• Hacked site

Most of these penalties will only apply if the website has been employing some dubious if not outright nefarious means to rig the website for attracting traffic. For most brands this shouldn’t be an issue, but if you’re employing 3rd parties who claim they can dramatically increase your website traffic make sure they’re a reputable business so you don’t fall afoul of one of these penalties. If you do, Google will require you to explain the cause of the problem, resolve it and put in a request for reconsideration – for a business that relies on organic search traffic this is a disaster.

The impact of Google algorithm updates

Google frequently updates the search algorithms that determine how websites and content are ranked. While some of these updates are incremental and go unnoticed, some are major updates that can have serious impacts on your organic search traffic. It’s important to keep up to date with upcoming major updates and be prepared in advance of major changes so you can take action with your website content BEFORE not AFTER the major algorithm changes have taken place. 

A good example of this was in July 2019 when ‘mobile-first indexing’ was introduced as a Google algorithm update. This was a major change and caught a lot of brands napping as most websites up until this point were SEO optimised for desktop and may not have even had a mobile-responsive version of the website in place. Those that weren’t prepared saw massive drops in search traffic as a result. And be forewarned now, there’s a big algorithm change coming in May 2021 that will be focused on ‘user experience’.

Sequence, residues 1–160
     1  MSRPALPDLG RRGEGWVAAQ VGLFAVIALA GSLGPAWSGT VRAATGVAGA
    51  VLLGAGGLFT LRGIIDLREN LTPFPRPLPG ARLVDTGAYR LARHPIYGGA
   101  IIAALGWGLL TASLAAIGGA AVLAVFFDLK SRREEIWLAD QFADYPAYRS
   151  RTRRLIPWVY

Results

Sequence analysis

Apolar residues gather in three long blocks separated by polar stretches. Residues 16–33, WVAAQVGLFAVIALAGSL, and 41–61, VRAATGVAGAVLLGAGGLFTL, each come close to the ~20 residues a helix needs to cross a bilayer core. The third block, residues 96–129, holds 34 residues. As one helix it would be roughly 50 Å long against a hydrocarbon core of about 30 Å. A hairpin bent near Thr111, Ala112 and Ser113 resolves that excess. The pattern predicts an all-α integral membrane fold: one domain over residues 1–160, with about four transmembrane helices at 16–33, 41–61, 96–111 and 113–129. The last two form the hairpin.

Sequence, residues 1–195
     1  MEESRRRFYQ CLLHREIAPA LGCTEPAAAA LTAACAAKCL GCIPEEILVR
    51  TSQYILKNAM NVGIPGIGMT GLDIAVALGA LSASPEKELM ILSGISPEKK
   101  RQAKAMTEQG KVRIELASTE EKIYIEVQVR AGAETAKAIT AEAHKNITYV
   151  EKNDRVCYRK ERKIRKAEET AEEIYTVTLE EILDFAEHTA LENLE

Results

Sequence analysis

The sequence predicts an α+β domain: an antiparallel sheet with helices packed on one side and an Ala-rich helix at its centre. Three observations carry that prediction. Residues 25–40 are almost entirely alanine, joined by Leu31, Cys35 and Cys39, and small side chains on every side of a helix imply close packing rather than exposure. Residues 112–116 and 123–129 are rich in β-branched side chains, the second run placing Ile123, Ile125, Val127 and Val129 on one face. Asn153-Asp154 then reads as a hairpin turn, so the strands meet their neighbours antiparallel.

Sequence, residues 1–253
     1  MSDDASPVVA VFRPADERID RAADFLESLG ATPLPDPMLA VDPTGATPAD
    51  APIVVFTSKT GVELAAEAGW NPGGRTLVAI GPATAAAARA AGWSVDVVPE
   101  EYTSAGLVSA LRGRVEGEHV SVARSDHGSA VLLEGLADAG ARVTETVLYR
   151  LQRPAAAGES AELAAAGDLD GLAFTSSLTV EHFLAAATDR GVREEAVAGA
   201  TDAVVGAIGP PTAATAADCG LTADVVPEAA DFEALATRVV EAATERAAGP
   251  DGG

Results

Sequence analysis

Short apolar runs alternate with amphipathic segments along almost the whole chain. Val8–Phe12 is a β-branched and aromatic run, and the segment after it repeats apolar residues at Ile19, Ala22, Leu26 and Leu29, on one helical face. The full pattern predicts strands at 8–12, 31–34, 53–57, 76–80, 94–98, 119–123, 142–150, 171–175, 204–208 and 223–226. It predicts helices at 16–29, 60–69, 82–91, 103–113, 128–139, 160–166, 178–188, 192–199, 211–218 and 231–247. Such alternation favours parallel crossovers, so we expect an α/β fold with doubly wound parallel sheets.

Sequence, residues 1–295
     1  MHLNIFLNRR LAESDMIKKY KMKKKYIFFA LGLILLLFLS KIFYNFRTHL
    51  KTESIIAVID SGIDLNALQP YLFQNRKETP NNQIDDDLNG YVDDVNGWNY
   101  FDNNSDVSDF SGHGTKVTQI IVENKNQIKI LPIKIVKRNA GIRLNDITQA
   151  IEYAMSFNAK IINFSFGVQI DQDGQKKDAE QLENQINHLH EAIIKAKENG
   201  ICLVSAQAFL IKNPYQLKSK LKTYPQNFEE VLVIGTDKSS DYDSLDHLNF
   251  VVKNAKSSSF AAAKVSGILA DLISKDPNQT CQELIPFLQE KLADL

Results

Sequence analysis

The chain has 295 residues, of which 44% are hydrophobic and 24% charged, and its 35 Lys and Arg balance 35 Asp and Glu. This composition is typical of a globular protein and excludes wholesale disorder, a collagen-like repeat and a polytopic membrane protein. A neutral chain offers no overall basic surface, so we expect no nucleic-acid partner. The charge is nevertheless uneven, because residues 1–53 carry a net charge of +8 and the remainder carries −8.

SEMRush allows you to see when Google updates have happened and understand how organic traffic spikes may be related to them. Knowing which Google algorithm update may have caused a drop in search traffic allows you to then take actions to correct it.

The slow trend down

Even if you adhere to all the best technical Google practices and abide by all the rules you can still find your organic search traffic slowly trending down over time.

Getting great organic search engine rankings isn’t a one-time set-and-forget practice. It needs to be part of everyday business practice and there needs to be a robust content strategy and program in place to support it. If organic search traffic is slowly declining over time this usually means the competition has caught up and is outperforming your website and content.

If you’re confident your technical practices are in place and up to date then the cause of the decline is the website content itself.

This is where a platform such as SEMRush can help by allowing you to deep dive into how your content is performing in terms of its ranking, keywords/phrases being indexed, traffic being driven to the website and how all of that compares to your competitors as well. 

This research provides invaluable insight into the gaps and opportunities that when targeted with quality, relevant content will see the reverse of your traffic decline. 

To find out how your website SEO is performing, use our free SEO website audit tool.

At The Dubs we employ SEO best-practice to ensure your content gets found. Get in touch.

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We employ SEO best practice to ensure your content gets found.

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Andrew Frith
Andrew’s career in digital media spans 5 continents and more than 20 years. His research and analysis has been used in major global projects and campaigns for finance and media brands in Australia, UK and Asia.